What happened at Harvard between Cornel West and Larry Summers is a perfect illustration of political correctness in action. You begin with two things: a lie and a political program. Mix carefully in an atmosphere of self-righteousness and, presto! You get the topsy-turvy world of euphemistic doublespeak in which truth is always negotiable and emotional blackmail triumphs with impunity.
It is sometimes thought that facts are sturdier things than ideas and theories. The history of tyranny shows that this is not the case. The empirical world of factual reality is far more susceptible to the onslaughts of power than the mental world we populate with ideas. As the philosopher Hannah Arendt observed,
facts and events are infinitely more fragile things than axioms, discoveries, theories… . Perhaps the chances that Euclidean mathematics or Einstein’s theory of relativity … would have been reproduced in time if their authors had been prevented from handing them down to posterity are not very good either, yet they are infinitely better than the chances that a fact of importance, forgotten or, more likely, lied away, will one day be rediscovered.
The real malignity of political correctness lies not in its ideals—which tend to involve little more than current clichés and slogans—but in its readiness to betray the lineaments of factual reality for political gain. “Who controls the past,” George Orwell wrote in 1984, “controls the future: who controls the present controls the past.” Or, as Mark Steyn puts it below in his contribution to our series on the survival of culture, “We are the accumulations of our past, in its wisdom and folly, and to repudiate it is a totalitarian act.”
Such repudiations can be large or small. Mr. Steyn cites Pol Pot’s declaration of Year Zero when he inaugurated his murderous regime. (Robespierre, of course, tried something similar with his Thermidors and Brumaires.) But the totalitarian impulse is also at work in more modest actions. Consider the devoted Stalinist saying to himself as he airbrushes Trotsky out of a photograph: “What does this little lie matter? I am serving history and the imperatives of Communist brotherhood.”
We imagine a similar thought crossed the minds of those responsible for commissioning the nineteen-foot bronze sculpture that was supposed to be placed in front of the New York Fire Department’s Brooklyn headquarters this spring. Meant to commemorate the 343 firemen killed in the terrorist attacks of September 11, the sculpture is based on the famous news photograph, by Tom Franklin of the Bergen County Record, of three firemen raising an American flag on a pile of rubble at Ground Zero. Probably all of our readers remember that photograph, taken the very afternoon of the attacks, in which firemen Dan McWilliams, George Johnson, and Billy Eisengrein are seen hoisting Old Glory on a length of metal wreckage.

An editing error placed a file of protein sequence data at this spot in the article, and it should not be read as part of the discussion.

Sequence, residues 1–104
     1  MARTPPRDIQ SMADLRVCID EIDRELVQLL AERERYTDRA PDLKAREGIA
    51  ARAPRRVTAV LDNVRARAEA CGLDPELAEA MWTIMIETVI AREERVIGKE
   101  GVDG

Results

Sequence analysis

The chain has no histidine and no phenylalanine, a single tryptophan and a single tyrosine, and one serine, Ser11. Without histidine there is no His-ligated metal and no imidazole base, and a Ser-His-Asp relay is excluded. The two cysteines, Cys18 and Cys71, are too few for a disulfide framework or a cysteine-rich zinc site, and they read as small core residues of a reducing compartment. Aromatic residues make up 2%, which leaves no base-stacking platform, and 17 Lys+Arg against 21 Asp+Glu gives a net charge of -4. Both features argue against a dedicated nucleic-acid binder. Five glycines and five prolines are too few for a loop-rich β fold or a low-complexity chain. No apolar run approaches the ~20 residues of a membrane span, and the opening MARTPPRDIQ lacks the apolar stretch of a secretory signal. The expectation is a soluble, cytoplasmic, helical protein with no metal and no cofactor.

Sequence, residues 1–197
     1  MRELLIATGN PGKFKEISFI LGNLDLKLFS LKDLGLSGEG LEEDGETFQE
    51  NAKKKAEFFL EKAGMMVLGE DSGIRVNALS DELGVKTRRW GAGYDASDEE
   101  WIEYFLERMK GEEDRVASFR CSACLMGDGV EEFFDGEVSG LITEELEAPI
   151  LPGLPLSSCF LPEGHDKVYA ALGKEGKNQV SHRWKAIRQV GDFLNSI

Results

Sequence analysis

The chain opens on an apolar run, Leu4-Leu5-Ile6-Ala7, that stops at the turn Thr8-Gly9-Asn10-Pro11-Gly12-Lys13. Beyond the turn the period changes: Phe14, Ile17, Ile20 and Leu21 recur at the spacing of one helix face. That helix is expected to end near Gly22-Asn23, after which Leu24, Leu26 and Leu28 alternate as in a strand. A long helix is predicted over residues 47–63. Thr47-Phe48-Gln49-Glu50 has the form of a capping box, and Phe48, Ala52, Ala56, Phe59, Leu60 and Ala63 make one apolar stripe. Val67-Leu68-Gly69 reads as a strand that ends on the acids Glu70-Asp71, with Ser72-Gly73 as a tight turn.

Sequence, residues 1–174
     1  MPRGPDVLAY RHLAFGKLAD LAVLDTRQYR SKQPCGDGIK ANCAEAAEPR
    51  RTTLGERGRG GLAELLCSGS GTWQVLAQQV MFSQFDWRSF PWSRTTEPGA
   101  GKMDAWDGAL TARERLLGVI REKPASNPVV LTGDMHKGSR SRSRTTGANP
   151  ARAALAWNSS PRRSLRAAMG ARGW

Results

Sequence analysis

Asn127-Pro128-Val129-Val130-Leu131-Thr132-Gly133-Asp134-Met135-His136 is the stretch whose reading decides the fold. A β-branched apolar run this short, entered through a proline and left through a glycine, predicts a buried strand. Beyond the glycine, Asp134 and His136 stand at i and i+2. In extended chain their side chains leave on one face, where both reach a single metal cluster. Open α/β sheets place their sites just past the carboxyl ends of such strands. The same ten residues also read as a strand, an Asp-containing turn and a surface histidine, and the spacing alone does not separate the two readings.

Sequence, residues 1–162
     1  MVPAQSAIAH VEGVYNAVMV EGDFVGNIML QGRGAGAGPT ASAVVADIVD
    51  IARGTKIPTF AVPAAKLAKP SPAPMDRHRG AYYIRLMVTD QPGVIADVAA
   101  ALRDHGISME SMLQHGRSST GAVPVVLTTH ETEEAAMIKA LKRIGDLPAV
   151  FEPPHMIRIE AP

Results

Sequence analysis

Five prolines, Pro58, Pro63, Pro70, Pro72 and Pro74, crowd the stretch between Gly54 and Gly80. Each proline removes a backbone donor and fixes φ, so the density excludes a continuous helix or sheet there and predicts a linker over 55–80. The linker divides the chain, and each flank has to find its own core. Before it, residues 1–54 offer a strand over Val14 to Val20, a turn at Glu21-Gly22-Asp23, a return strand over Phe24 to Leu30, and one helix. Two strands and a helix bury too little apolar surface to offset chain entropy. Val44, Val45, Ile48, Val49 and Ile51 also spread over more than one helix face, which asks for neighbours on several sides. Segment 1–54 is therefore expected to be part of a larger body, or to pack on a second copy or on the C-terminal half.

It is worth recording the names of those brave men, because, if the forces of political correctness had had their way, their deed would have been airbrushed into the amnesiac limbo of ideological expediency. Like the vast majority of firefighters in New York, McWilliams, Johnson, and Eisengrein happen to be white. How to deal with that politically incorrect fact in this age of “affirmative action”? Simple: alter the historical record. Thus the model for the sculpture depicts not the three white firemen but a rainbow coalition of one white, one black, and one Hispanic man. Just as we were going to press, the news came down that the public outcry against this effort to rewrite history had led the sponsors to drop plans for the sculpture: splendid if true.
A spokesman for a group representing black firemen emitted the usual PC-speak about the sculpture: “The symbolism is far more important than representing the actual people,” he said. “I think the artistic expression of diversity would supersede any concern over factual correctness.” Ah, yes, good old “factual correctness.” It is an extraordinary development that the mantra of “diversity” has become a favored tool of historical falsification. We agree with the firefighter who noted that it was “an insult to those three guys to put imaginary faces on that statue.” But the insult encompasses more than Messrs. McWilliams, Johnson, and Eisengrein. It is an insult to the truth. Carlo Casoria, who lost his firefighter son in the attack, put it with blunt accuracy: “They’re rewriting history in order to achieve political correctness.” In other words, so long, Trotsky.
This article originally appeared in The New Criterion, Volume 20 Number 6, on page 2
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